6. #6
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    Thanks your replay slarty

    I find that 99% of the testing I do is black box ie. a penetration test. The only white box testing ie code review. I do is on my own sites.

    Well here is the black-box process I actually use

    1) Get a general view of the application. What is it's job?

    2) I work out possible users classes for that application. This in most cases is three:
    Unauthorized User
    Authorized User
    Admin users

    This however will change with each application. Also in some cases you might not be given every account for testing.

    3) I will do separate tests for each user class. I do this as they will nearly always have a different view of the web site.

    4) This is the most important stage of testing. It is Surveying the application. This includes, trying to find every page, but at the same time I make a list of EVERY possible point of attack on every page. A point of attack is any where I can send data to the application, doing this makes the stage a bit easier. These are nearly always variables.

    5) test all point of attack. This is where I use various methods SQL injection, URL manipulation, cross-site scripting etc. etc. Depending on what I believe the job of the variable I am testing is. This also includes trying to cause the pages to error. As this will often reveal lots of information.

    (stages 4 and 5 are done for each user class)

    6) Test the session management, As this is not dependent on the user class it is done after.

    7) Write the report detailing all finding and suggestions on how to fix them.


    As you can guess this way means a lot of work, but it does mean that things are less likely to be missed.

    Slarty you are right in what say about all input validation should be done sever side. So for any one thinking of using JavaScript to do the input validation think again! But how to secure web application is another topic, but if any one wants to find out more try http://www.owasp.org
    I\'m a SittingDuck, but the question is \"Is your web app a Sitting Duck?\"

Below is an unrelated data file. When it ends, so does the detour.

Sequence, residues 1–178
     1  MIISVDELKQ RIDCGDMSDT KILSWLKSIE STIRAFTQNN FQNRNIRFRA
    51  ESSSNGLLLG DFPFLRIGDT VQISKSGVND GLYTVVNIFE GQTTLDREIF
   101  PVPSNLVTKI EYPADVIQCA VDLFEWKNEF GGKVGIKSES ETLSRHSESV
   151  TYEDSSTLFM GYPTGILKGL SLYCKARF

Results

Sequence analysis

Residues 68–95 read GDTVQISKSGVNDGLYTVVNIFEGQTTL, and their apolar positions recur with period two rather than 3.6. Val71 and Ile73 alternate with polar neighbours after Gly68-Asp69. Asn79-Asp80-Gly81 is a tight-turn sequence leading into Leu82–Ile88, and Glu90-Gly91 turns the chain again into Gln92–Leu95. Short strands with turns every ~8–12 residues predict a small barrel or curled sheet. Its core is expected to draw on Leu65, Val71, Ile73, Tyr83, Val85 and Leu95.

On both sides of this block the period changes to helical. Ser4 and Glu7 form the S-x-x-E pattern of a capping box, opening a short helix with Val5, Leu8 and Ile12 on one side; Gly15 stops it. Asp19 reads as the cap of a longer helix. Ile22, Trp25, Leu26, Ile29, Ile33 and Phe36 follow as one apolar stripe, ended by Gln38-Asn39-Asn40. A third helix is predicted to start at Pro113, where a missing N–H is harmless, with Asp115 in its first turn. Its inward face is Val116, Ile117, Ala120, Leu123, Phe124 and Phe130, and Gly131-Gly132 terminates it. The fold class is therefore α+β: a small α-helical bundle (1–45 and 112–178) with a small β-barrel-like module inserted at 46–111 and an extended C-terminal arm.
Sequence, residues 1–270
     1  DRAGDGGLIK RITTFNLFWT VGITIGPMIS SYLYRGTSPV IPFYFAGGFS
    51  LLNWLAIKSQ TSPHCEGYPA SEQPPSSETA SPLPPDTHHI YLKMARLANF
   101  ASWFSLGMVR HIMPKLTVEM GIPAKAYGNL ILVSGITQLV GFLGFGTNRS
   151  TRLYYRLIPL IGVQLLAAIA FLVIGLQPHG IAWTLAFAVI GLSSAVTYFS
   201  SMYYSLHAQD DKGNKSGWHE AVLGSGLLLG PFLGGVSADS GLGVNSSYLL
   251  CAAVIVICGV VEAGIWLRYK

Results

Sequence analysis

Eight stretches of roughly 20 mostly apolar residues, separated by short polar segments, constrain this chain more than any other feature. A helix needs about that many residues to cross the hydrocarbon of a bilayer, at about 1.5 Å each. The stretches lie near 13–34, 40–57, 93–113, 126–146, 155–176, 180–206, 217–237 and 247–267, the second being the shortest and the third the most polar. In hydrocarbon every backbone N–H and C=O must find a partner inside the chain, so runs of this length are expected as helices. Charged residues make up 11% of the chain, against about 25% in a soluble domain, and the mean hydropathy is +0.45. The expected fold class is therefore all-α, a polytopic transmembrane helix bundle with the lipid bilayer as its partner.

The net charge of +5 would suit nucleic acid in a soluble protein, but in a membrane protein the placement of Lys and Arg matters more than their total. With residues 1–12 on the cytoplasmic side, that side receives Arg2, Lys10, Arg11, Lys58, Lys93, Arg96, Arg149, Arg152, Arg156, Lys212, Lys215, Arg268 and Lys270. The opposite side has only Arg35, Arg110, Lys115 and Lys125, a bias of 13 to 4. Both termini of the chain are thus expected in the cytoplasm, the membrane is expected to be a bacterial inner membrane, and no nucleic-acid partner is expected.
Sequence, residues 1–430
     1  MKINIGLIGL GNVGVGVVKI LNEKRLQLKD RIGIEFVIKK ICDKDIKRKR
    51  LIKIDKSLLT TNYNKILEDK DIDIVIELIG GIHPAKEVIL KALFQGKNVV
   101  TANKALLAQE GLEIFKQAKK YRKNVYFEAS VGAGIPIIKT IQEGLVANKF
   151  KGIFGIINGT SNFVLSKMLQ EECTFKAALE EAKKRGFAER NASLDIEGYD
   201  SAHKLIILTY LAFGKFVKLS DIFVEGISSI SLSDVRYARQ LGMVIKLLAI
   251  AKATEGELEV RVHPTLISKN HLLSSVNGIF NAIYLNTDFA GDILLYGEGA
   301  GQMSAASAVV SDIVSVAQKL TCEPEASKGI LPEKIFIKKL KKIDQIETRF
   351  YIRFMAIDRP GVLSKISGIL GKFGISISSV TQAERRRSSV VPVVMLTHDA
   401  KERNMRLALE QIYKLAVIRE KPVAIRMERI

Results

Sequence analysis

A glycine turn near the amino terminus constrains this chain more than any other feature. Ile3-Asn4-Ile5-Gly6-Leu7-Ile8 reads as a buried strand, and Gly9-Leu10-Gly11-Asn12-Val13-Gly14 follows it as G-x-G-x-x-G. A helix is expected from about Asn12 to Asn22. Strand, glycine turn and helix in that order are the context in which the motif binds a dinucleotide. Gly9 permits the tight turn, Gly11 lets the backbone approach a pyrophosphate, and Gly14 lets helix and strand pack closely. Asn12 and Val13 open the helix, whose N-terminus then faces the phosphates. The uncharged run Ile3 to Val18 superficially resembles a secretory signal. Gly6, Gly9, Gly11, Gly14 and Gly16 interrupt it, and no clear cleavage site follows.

7. #7
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    Slarty you are right in what say about all input validation should be done sever side. So for any one thinking of using JavaScript to do the input validation think again!
    I didn't mean validation for correctness of data, I meant validation against potential attacks, for instance ints not being ints.

    Sometimes the two go hand-in-hand, sometimes they don't.

    Client side validation is great from a usability point of view but does absolutely nothing to protect your web app against malicious data (it is trivially bypassed).

    In the case of validation against duff data, there is no need to provide nice error messages etc, because you're guarding against situations which should never happen (Murphy's law says it will)

  8. #8
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    Sorry by input validation, I am talking about both cases.

    I agree with

    Sometimes the two go hand-in-hand, sometimes they don't.
    but the difference at most very small, normally a question of not allowing a " or a ' or changing a ' to a ''. Other differences would include changing < to a &lt; or > to a &gt; you get the picture.

    I donít know if you have noticed but developers often miss certain ones. For example drop-down in forms but they will get the rest. I think developers believe that it's not possible to change the values sent from these fields so they don't test them. Has anyone else spotted this?

    So apart from slarty and me is there anyone else who uses any form of structure in their testing of web applications?
    I\'m a SittingDuck, but the question is \"Is your web app a Sitting Duck?\"